That our Father in Heaven communicates through dreams is indicated early in the standard works. For example, in the Old Testament we read of dreams given to Abimelech, Jacob, Laban the Syrian, Joseph, and two men—a baker and a butler—from Pharaoh’s court. In the New Testament, the book of Matthew identifies six dreams: four to Joseph, one to the Wise Men, and one to Pilate’s wife regarding the Savior’s innocence. In the Book of Mormon, Lehi took his family into the wilderness based upon a divine dream. It was a dream that sent Nephi and his brothers back for the brass plates and most likely for Ishmael’s family. Lehi also had a dream (vision) regarding the tree of life.
Joseph of Egypt. Around the age of seventeen, Joseph had two dreams, the imagery of which varied. But the meaning of the dreams was one and the same. In them obeisance, an act of reverence by bowing in honor, was made to young Joseph (see Genesis 37:7–9). The fact that he conveyed the dreams to his family suggests that he felt the dreams had significance and were sent by God, but doing so elicited his brothers’ envy and his father’s rebuke. We do not know from the text how much he understood the meaning of the dreams or the timeline for their fulfillment.
Under the circumstances it would be natural that Joseph would recall his own “doubled” dreams in which his family made obeisance to him. Dreams that have been doubled, or multiplied, should be given somber attention both in reflection and in writing, and the recipient should “[keep] all these things, and [ponder] them” (Luke 2:19). But it must be remembered that for an individual to pretend to have the gift of the interpretation of dreams, or for an individual to share nonsensical dreams as a divine message from God, would be detrimental—spiritually and mentally. The Lord has warned: “I am against them that prophesy false dreams . . . and cause my people to err by their lies, and by their lightness; yet I sent them not, nor commanded them” (Jeremiah 23:32). But such was not the case with Joseph, and there is solid evidence that Joseph was purposefully placed to fulfill his role in mortality. The Lord likewise inspired his interpretation of the Pharaoh’s dreams. It is safe to assume Joseph respected his gifts regarding dreams and acted with the sanction of the spirit. Pharaoh himself exclaimed, “Can we find such a one as this is, a man in whom the Spirit of God is?” (Genesis 41:38).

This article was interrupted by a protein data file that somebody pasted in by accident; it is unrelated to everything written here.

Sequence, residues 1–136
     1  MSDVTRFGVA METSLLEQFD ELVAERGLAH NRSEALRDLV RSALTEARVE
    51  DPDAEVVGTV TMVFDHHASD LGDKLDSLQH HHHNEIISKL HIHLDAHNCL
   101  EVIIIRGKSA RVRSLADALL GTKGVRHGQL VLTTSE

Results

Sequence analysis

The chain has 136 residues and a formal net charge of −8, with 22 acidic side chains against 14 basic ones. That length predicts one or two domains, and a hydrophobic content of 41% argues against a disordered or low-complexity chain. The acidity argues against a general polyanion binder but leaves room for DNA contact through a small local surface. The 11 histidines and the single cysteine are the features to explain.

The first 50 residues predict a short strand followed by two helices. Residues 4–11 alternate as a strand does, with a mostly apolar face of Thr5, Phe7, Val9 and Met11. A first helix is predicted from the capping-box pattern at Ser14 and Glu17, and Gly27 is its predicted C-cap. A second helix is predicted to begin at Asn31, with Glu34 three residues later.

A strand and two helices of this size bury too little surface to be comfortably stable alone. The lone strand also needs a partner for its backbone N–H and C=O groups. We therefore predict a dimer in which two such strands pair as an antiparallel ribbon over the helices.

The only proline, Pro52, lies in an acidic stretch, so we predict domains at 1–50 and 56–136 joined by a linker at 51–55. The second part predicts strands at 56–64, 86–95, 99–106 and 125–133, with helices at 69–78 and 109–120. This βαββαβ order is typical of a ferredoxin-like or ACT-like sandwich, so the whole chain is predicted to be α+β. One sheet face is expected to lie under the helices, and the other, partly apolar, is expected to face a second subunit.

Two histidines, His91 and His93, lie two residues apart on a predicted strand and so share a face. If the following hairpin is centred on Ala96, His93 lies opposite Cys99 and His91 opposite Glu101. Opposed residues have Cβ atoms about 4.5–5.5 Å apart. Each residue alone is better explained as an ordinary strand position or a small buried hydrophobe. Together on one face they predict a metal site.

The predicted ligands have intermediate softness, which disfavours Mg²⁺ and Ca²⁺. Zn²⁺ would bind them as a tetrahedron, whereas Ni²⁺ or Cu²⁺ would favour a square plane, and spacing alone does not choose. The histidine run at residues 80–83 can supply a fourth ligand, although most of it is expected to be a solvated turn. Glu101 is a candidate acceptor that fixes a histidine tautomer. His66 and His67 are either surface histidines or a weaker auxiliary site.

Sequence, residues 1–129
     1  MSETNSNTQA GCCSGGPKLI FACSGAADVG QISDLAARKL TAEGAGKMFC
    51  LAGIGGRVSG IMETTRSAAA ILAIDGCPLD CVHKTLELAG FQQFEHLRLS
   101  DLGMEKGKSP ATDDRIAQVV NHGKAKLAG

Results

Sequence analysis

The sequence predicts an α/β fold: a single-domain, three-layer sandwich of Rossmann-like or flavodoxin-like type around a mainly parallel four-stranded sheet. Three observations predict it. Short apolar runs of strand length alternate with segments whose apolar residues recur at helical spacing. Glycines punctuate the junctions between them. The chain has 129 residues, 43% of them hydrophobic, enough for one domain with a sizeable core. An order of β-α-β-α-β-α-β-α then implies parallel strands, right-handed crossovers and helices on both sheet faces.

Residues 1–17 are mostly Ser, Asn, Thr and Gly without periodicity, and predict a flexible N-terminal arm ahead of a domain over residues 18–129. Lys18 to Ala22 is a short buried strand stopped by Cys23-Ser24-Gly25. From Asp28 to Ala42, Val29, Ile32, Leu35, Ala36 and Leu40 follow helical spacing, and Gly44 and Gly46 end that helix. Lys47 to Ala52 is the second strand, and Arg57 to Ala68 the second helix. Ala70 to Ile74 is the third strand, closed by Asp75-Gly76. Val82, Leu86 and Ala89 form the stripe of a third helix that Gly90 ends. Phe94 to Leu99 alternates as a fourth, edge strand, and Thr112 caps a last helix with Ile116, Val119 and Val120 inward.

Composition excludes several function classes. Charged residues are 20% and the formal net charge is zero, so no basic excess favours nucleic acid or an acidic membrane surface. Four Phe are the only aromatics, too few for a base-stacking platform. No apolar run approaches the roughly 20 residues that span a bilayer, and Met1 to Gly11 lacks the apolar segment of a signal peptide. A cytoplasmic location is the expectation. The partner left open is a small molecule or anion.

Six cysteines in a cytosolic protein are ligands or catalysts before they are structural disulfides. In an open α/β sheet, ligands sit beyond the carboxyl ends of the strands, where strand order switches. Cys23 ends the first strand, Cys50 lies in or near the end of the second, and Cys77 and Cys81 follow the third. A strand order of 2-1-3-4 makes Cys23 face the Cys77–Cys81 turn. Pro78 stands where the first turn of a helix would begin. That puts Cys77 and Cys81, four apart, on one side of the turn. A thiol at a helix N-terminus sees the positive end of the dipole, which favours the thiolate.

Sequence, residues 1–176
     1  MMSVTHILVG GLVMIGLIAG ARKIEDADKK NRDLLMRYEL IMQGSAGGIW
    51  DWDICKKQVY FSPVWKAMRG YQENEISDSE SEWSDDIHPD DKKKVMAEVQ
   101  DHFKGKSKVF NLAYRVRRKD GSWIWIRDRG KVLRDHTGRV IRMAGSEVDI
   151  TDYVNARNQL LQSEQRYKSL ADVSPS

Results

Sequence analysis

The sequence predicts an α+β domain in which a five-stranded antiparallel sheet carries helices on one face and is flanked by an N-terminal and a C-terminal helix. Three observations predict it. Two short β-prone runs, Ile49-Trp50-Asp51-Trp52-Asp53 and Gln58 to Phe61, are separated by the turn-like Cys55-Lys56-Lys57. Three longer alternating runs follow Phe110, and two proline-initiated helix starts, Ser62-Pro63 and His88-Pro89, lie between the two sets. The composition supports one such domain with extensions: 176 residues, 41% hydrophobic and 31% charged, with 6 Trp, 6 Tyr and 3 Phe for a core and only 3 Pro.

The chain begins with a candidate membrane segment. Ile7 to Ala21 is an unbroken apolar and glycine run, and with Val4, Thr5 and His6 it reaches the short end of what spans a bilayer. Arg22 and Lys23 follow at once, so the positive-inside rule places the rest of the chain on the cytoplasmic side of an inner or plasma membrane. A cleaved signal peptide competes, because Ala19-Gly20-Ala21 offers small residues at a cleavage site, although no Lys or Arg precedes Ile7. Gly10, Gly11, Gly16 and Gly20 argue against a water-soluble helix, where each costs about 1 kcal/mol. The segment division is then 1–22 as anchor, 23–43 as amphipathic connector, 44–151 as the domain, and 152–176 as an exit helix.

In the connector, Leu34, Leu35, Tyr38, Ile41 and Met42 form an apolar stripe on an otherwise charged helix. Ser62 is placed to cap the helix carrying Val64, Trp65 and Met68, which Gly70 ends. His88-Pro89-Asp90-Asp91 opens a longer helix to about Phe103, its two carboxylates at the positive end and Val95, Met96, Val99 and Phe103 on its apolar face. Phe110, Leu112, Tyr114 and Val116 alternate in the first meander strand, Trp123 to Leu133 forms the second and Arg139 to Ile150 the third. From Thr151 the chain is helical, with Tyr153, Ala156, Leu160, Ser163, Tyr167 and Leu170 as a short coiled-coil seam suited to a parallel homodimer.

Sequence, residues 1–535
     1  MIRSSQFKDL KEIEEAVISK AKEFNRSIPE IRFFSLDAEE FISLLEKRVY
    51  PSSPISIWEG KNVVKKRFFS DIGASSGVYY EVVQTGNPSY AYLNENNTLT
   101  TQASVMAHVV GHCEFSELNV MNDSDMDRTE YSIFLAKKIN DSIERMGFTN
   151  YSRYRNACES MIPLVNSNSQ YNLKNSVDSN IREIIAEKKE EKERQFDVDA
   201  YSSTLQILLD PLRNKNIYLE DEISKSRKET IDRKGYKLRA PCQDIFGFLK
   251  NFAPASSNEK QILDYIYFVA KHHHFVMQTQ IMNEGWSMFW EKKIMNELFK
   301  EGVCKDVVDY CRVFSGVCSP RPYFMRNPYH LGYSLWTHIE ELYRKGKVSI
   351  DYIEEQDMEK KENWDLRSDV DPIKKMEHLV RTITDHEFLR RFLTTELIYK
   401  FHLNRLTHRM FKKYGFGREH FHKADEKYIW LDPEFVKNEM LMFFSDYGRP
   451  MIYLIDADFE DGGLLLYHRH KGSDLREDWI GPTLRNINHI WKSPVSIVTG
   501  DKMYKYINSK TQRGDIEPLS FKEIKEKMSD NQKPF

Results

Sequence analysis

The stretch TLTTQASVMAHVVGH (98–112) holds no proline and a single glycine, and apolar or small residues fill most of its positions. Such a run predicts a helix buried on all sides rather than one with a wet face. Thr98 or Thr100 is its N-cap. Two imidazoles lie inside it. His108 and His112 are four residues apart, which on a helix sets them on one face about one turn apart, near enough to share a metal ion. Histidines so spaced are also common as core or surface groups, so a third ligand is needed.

In general, recording dreams strengthens the relationship between the Lord and the individual to which the dream is given.
As we record inspired dreams, we can more readily see the Lord’s hand in our life and his tender mercies extended in our behalf. The Book of Daniel provides several accounts wherein we see the Lord blessing Daniel with knowledge and wisdom through dreams and visions. In large part this is the result of Daniel’s inquisitive mind and heart and his desire to know the truth and interpretation of that which God was generously bestowing upon him (see Daniel 7:16).
Matthew stands alone from the other Gospel writers in noting that Pilate’s wife “suffered many things” by a dream; having had it revealed to her that Jesus Christ was a “just man” (see Matthew 27:19). Her husband rejected her sufferings and pleas and did not concern himself with her dream. Pilate, much like Laman and Lemuel in the Book of Mormon, rejected his wife’s dream because he did not feel and understand the Spirit of the Lord and its workings upon God’s children.
Lehi. Lehi’s dreams are an integral part of Nephite religious history. Over five hundred years after Lehi landed in the promised land, an anti-Christ named Korihor ridiculed the foolishness of Nephites who paid heed to dreams and visions. In his deceiving rhetoric, he said the priests “lead away this people after the foolish traditions of your fathers. . . and their dreams and their whims and their visions and their pretended mysteries
Prior to Joseph Smith’s First Vision, the Lord prepared the mind and heart of his father, Joseph Smith Sr., to believe his son’s vision. From 1811 to 1819, Joseph Smith Sr. received at least seven dreams
“It is to teach us a principle.” President Wilford Woodruff proposed that “we may have dreams about things of great importance, and dreams of no importance at all. . . . There are a great many things taught us in dreams that are true, and if a man has the spirit of God he can tell the difference between what is from the Lord and what is not. . . . Whenever you have a dream that you feel is from the Lord, pay attention to it.” He illustrated this truth by recounting an occurrence during a mission in England:
When I was in the City of London on one occasion, with Brother George A. Smith, I dreamt that my wife came to me and told me that our first child had died. I believed my dream, and in the morning while at breakfast, I felt somewhat sad. Brother George A. noticed this and I told him my dream. Next morning’s post brought me a letter from my wife, conveying the intelligence of the death of my child. It may be asked what use there was in such a thing. I don’t know that there was much use in it except to prepare my mind for the news of the death of my child. But what I wanted to say in regard to these matters is, that the Lord does communicate some things of importance to the children of men by means of visions and dreams as well as by the records of divine truth. And what is it all for? It is to teach us a principle. We may never see anything take place exactly as we see it in a dream or a vision, yet it is intended to teach us a principle.